The Westerners were left with the Lion wall. After some studying, they immediately isolated 'Liverpool', 'Lime', 'Cannon' and 'Queen', which all precede 'street' to give names of stations. 'Pear', 'Kumquat', 'Tomato' and 'Greengage' followed next, which are all fruits. They studied what was left a bit, and worked out the remaining sets: 'Alley', 'Spot', 'Faith' and 'Date', which can all precede 'blind', and 'Quince', 'Mil', 'Dos' and 'Once' are numbers in Spanish; they knew both these connections. So, a full house of ten there meant the Westerners led 19-15 going into the final round.

Again, Missing Vowels would most likely decide the match. 'Blue movies', or films with blue in the title, went to the Mixologists 3-1. 'Famous Belgians' was a 2-all split. 'Things that make you sleepy' also finished 2-all. 'Brass instruments' went to the Mixologists 2-1, with time expiring before the Westerners could give an answer for the final clue. At the end of the match, the Westeners won 25-24.

Another great match between two very good teams. Unlucky Mixologists, well done Westerners, you both played brilliantly, and I look forward to seeing you both in your next matches.

Next week's match: Collectors vs Railwaymen

When will I finish Series 1? I don't know. Hopefully within the next couple of weeks, but I'm guaranteeing nothing.

Monday, 27 July 2015

University Challenge 2015-16: Round 1: Match 3: Kent vs Newcastle

Evening all. Back to normal service tonight after last week's golf delay. Tonight's show was OK, although it did, unfortunately, see the return of something I, and many other no doubt, were hoping we wouldn't see this series after the trouble it caused last series.

The University of Kent, appearing for the first time in the BBC series, was founded in 1965, and is based mainly in Canterbury, with campuses in Medway and Tunbridge. Alumni include writer EL James and, as mentioned on QI, performer Alan Davies. The first Kent UC team of the BBC series were:
Alexander Atmore, from North London, studying Comparative Literature
Emma Isworth, from Tenterden in Kent, studying Medical Humanities
Captain: Caitlin Gilroy, from Durham, studying Physics
Thomas Cheetham, from Bournemouth, studying Military History

Newcastle University was born out of two schools of medical science and physical science, and later became part of the University of Durham, before splitting and becoming it's own in 1937. Alumni include performer Rowan Atkinson, music man Bryan Ferry and war reporter Kate Adie. It last sent a team back in 2011-12, who made the QFs before losing to eventual champs Manchester. This year's quartet were:
Alexander Kirkman, from Surrey, studying Biomedical Sciences
Nicholas Smith, from Chorley in Lancashire, studying Medicine
Captain: Tony Richardson, from County Durham, studying International Politics
Kate Bennett, from Chichester, studying Film Theory and Practice

Off we set again then, and Kent were first out of the traps, with Mr Atmore spotting the items Paxo describing to all be linked by the number nine. One bonus followed, as did a second starter for Mr Atmore. Comedy moment of the week came when the side guessed Kent for a county cricket side! Newcastle promptly got going courtesy of Mr Richardson, and a full set of bonuses on clouds followed. The first picture round was a good one, on hypothetical signs detailing notable tourist locations of English counties; Newcastle took the starter and all three bonuses, and thus led 50-35.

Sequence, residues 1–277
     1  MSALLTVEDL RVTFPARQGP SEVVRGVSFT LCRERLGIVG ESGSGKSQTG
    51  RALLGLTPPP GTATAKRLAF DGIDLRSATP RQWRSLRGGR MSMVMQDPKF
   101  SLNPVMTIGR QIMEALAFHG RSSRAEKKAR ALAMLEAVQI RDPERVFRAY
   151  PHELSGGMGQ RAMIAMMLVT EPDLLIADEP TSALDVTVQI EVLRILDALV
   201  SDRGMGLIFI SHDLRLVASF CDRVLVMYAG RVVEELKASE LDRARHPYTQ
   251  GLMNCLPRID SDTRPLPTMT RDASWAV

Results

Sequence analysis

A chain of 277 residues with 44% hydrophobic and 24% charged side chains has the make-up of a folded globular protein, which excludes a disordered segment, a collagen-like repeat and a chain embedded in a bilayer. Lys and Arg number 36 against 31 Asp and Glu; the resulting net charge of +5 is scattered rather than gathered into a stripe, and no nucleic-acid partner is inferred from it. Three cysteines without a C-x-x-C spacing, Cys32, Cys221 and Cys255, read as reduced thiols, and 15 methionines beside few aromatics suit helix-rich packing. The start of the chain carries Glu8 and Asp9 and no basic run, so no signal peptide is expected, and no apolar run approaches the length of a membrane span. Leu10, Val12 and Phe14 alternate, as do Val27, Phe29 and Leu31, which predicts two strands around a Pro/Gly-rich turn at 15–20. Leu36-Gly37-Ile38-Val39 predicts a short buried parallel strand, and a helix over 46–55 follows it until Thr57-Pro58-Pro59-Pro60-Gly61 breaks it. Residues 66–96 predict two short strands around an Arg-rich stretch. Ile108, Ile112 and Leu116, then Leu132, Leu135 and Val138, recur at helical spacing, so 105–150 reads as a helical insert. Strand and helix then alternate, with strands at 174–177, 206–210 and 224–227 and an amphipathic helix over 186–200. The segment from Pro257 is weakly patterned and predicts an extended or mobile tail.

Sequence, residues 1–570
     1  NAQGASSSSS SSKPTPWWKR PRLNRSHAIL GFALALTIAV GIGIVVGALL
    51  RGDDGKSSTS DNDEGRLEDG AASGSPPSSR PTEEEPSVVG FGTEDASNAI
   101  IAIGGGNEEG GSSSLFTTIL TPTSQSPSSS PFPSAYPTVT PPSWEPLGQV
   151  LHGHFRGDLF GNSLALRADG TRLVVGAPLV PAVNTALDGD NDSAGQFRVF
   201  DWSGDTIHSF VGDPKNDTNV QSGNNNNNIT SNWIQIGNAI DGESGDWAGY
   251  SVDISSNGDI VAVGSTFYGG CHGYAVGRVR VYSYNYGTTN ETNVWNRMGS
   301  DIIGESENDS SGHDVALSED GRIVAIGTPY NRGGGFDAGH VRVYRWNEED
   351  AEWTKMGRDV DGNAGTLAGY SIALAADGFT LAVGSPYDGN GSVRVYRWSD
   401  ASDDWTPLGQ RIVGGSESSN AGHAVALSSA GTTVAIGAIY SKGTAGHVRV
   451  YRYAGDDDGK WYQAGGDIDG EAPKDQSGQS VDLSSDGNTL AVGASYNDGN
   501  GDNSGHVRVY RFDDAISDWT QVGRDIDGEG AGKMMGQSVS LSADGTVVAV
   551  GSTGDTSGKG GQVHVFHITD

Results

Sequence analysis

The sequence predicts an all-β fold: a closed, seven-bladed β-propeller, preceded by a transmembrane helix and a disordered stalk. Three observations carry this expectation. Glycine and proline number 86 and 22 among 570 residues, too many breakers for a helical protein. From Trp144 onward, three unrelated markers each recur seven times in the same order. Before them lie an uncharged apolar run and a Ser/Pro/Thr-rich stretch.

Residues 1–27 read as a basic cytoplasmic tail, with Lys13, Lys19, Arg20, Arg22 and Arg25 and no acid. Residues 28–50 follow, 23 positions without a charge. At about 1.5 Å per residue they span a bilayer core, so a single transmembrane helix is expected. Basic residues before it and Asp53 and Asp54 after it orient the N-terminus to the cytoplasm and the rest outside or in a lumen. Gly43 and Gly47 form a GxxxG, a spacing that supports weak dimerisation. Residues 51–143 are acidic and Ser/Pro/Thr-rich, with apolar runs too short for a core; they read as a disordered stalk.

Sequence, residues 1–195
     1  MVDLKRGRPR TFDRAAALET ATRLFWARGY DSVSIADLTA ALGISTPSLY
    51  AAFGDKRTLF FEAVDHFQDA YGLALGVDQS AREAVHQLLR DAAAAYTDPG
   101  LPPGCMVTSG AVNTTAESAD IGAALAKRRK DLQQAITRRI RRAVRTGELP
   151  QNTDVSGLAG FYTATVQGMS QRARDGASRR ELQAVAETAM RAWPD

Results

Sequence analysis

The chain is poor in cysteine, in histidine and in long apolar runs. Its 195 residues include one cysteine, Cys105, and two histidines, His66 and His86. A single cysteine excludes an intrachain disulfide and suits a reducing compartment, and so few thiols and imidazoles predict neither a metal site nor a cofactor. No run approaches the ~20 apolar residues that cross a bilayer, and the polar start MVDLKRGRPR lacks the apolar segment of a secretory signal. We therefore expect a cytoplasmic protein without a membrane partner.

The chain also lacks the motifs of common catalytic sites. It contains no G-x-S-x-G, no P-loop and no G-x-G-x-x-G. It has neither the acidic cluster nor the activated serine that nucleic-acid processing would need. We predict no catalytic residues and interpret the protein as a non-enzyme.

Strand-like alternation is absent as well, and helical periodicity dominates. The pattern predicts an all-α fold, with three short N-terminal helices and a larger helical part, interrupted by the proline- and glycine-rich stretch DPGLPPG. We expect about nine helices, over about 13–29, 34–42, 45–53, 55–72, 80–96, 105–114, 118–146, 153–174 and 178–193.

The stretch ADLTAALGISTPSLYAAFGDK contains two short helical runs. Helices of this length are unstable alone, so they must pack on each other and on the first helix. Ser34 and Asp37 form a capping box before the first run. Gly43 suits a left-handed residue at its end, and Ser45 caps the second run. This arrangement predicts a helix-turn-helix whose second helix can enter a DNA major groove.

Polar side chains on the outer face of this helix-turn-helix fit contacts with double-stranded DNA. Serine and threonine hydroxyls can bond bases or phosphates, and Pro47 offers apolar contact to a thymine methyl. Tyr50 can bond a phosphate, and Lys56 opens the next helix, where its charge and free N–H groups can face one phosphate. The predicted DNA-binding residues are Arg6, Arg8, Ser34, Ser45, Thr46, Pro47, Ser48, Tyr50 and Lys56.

That lead disappeared when Miss Bennett had an unlucky slip, and allowed Kent in through the back door, and to draw level with one bonus on puppetry. The Southerners took the lead when Mr Atmore took the next starter, but no bonuses followed. Mr Smith looked like he was guessing on the next starter, but he guessed right, and Newcastle retook the lead via one bonus on lines. The Tynesiders had one fewer starter under their belts, but their better bonus conversion had given them a narrow lead.

The music starter saw Mr Atmore identify Craig David, the second week running he has come up in Quizzy Mondays! The music bonuses, on artists who have been banished into Room 101 on the excellent BBC series of the same name, saw Kent take one and unluckily miss another by offering U2 instead of Bono. They now had a slender lead of 75-65, but Newcastle took the next starter to draw level, and another full bonus set gave them the lead back. Another of those 'three rhyming word' starters followed, and Kent were, again, unlucky to miss, giving Newcastle the points, and two bonuses. Mr Kirkman slipped up, losing five, but Kent couldn't pick up. Mr Richardson took the next starter, and two bonuses gave Newcastle a substantial fifty point lead.

The second picture round, on depictions of British buildings of Canaletto, went to Kent, but no bonuses followed, leaving the deficit at 125-85. The next starter was missed by both sides, the next went to Mr Richardson, and another full bonus set on Greek myth gave them a strong lead, and Kent would have to push hard to catch them. Ms Isworth took the next starter to just about keep them in it, but just one bonus went with it.